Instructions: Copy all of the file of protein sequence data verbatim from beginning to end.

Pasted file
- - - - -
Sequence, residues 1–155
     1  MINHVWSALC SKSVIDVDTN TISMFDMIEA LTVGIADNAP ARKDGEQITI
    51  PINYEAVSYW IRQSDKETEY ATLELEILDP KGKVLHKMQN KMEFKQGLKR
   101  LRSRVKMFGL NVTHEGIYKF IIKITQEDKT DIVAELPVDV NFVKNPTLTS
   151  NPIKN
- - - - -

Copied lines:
Sequence, residues 1–155
     1  MINHVWSALC SKSVIDVDTN TISMFDMIEA LTVGIADNAP ARKDGEQITI
    51  PINYEAVSYW IRQSDKETEY ATLELEILDP KGKVLHKMQN KMEFKQGLKR
   101  LRSRVKMFGL NVTHEGIYKF IIKITQEDKT DIVAELPVDV NFVKNPTLTS
   151  NPIKN